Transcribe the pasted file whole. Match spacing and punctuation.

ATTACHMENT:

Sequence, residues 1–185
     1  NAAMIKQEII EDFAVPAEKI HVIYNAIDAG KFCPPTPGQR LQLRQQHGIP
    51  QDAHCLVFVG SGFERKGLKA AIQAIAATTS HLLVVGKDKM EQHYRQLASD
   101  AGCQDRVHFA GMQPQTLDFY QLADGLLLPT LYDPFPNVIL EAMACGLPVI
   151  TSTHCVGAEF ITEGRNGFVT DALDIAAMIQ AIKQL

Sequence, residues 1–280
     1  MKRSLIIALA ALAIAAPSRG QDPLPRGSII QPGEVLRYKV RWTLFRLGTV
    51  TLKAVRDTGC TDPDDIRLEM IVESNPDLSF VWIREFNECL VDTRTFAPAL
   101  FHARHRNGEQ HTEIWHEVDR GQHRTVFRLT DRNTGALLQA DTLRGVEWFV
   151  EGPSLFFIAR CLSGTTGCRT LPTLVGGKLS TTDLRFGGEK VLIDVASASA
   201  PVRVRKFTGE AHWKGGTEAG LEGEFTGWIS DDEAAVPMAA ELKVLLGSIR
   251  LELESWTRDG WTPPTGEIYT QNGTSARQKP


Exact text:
Sequence, residues 1–185
     1  NAAMIKQEII EDFAVPAEKI HVIYNAIDAG KFCPPTPGQR LQLRQQHGIP
    51  QDAHCLVFVG SGFERKGLKA AIQAIAATTS HLLVVGKDKM EQHYRQLASD
   101  AGCQDRVHFA GMQPQTLDFY QLADGLLLPT LYDPFPNVIL EAMACGLPVI
   151  TSTHCVGAEF ITEGRNGFVT DALDIAAMIQ AIKQL

Sequence, residues 1–280
     1  MKRSLIIALA ALAIAAPSRG QDPLPRGSII QPGEVLRYKV RWTLFRLGTV
    51  TLKAVRDTGC TDPDDIRLEM IVESNPDLSF VWIREFNECL VDTRTFAPAL
   101  FHARHRNGEQ HTEIWHEVDR GQHRTVFRLT DRNTGALLQA DTLRGVEWFV
   151  EGPSLFFIAR CLSGTTGCRT LPTLVGGKLS TTDLRFGGEK VLIDVASASA
   201  PVRVRKFTGE AHWKGGTEAG LEGEFTGWIS DDEAAVPMAA ELKVLLGSIR
   251  LELESWTRDG WTPPTGEIYT QNGTSARQKP